Fresh Grocer closed with state loan still unpaid

A senior woman stood outside the closed Fresh Grocer on Chelten Ave. Saturday afternoon addressing other would be shoppers who were headed toward the store.

“Going shopping? Not here, look inside,” she called.

Shock and awe

Inside, the shelves were bare. The doors were locked, and a hand written sign in the window read “Closed 4 ever!”

This grocery store at the corner of Chelten and Pulaski avenues has been generating a lot of buzz in Germantown over the last week or so, when community members first learned it was slated for closure. For most it was a surprise.

On Saturday between 2 and 2:30 p.m. those locked doors stopped at least 15 shoppers; most left in apparent disbelief.

Bill Terry had a front row seat, he’s run a hack cab out of that parking lot for the last 15 years.

“People are still coming up to the building looking up in amazement,” he said. “It’s like there is a death in the family. They stare at the window, stop and put their hand over their mouth and I just watch them waiting to see if they need a ride somewhere else.”

A series of email firestorms have cropped up across Germantown among neighbors and activists trying to find out what happened to their local market and what exactly will happen next to the vast space that has been left behind.

Previous state funding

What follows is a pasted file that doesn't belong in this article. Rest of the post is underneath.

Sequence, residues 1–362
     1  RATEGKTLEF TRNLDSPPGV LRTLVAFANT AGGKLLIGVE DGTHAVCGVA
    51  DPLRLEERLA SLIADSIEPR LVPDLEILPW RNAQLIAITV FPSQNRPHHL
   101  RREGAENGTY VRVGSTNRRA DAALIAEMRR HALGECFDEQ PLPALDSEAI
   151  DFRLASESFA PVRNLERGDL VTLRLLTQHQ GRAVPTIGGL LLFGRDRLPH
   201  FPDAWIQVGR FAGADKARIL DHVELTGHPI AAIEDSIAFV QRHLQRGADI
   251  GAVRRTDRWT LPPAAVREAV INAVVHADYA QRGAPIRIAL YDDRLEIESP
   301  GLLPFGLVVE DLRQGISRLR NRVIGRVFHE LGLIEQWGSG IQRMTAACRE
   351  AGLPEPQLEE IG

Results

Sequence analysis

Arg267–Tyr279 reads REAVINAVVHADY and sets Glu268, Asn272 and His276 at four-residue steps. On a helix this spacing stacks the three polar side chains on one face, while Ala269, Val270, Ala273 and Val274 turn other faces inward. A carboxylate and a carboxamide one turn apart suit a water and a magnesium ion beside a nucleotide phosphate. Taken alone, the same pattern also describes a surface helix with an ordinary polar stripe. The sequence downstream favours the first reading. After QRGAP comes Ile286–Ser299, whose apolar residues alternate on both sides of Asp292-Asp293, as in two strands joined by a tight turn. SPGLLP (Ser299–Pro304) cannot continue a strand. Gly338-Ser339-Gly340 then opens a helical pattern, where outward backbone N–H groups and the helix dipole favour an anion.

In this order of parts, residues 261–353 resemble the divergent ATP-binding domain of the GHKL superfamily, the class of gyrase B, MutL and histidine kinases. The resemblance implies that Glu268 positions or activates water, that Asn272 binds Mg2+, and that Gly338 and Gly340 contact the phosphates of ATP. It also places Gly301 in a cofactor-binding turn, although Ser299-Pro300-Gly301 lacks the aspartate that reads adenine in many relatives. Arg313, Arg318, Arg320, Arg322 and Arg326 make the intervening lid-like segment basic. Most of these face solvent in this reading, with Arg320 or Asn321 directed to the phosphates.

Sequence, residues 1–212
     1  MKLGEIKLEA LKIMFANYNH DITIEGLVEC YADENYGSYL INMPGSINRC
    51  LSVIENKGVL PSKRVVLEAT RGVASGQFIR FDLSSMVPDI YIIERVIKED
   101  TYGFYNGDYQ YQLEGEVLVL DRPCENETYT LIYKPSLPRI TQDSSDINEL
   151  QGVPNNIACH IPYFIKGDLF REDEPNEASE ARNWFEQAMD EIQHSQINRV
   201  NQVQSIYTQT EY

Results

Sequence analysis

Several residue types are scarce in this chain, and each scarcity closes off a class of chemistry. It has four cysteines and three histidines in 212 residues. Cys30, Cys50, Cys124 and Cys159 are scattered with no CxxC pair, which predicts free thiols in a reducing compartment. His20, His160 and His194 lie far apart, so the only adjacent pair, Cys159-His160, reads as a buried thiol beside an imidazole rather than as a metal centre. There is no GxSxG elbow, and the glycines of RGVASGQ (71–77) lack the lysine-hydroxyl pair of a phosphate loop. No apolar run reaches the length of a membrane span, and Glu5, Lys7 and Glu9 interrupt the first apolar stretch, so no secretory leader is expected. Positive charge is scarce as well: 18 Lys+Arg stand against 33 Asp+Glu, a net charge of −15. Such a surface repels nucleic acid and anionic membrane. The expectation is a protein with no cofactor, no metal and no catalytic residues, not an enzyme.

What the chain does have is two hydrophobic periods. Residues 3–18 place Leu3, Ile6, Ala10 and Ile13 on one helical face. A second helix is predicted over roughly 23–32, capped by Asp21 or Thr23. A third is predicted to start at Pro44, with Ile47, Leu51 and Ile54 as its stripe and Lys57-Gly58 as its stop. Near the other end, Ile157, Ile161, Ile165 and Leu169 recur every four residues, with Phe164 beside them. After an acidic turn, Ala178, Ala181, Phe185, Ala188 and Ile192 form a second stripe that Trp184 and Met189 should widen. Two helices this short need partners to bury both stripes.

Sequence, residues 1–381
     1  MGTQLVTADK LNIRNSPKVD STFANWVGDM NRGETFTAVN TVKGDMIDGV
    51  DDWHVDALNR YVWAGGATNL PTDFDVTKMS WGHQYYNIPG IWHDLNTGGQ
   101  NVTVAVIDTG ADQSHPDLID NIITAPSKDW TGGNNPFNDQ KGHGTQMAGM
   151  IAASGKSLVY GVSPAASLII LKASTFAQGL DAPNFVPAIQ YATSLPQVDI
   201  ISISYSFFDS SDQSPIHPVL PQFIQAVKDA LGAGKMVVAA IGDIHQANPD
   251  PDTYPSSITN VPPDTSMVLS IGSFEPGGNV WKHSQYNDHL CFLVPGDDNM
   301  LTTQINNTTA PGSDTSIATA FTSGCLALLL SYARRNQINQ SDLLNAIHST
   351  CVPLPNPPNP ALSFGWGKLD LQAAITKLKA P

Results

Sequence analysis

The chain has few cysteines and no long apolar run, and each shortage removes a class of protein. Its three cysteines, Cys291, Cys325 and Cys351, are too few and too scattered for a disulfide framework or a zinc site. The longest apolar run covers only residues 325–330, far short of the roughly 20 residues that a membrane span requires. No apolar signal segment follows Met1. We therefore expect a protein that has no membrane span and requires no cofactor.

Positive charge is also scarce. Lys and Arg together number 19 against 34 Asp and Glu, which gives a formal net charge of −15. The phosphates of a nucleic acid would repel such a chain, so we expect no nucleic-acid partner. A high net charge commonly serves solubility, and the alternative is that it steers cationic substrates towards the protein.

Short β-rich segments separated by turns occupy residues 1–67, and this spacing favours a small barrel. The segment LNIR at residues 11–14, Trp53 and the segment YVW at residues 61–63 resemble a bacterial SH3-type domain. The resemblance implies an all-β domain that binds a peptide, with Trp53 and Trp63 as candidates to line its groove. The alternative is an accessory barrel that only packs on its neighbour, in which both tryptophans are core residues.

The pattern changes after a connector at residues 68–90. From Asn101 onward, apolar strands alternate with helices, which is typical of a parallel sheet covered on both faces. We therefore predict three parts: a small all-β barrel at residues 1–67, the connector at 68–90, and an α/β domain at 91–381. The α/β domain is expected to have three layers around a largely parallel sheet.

One local resident among the most surprised was state Representative Rosita Youngblood (D., 198th), who learned of the closing with most others last week.

“There should have been a community meeting, there should have been a discussion about what the plan is there,” she said in a recent phone interview.

Eighth District City Councilwoman Donna Reed Miller did meet with store officials about the plans for the site eight months ago, according to a spokesperson, but apparently failed to inform community members, or Youngblood, that the store would be closing.

“I should have been included in the meeting,” Youngblood said.

Like many neighbors, Youngblood was particularly incensed because plans for the future of the lot also seemed to be shrouded in secrecy. After pressure from local activists, property owners Pulaski Partners LP issued a press release confirming what locals felt they had known for a while – that the Fresh Grocer would be replaced by a discount market, Save-A-Lot, that may not have a similar selection for shoppers.

Resident Larry Simmons, the former chief of staff for state Representative John Myers (D., 201st), remembers when that Fresh Grocer opened in 2006 it was set to receive state subsidy for community development – he was in on those meetings.

Youngblood, who’s district includes the closed store, was surprised when her aid received confirmation of Simmons’ claims from state officials on Friday afternoon. The email came in at 4:59 p.m., saying state Redevelopment Assistance Capital Program funds were planned for the now closing Fresh Grocer – again, something Youngblood felt she should have been party to long before now. The email did not include any more details about that plan.

“I told [my aid] ‘Monday – find out,’” she said.

Separate from the RACP plan, when the Fresh Grocer opened the company received a $556,000 fresh food financing loan from the publicly funded Redevelopment Fund, plus a $250,000 grant, according to Christina Szczepanski, a program manager at TRF. TRF’s head of loans and investments, Donald Hinkle-Brown, said the planned RACP funds were set up through state Representative Dwight Evans’ office (D., 203rd), then the chair of the House Appropriations Committee, but that the funds fell through because new construction never happened at the site.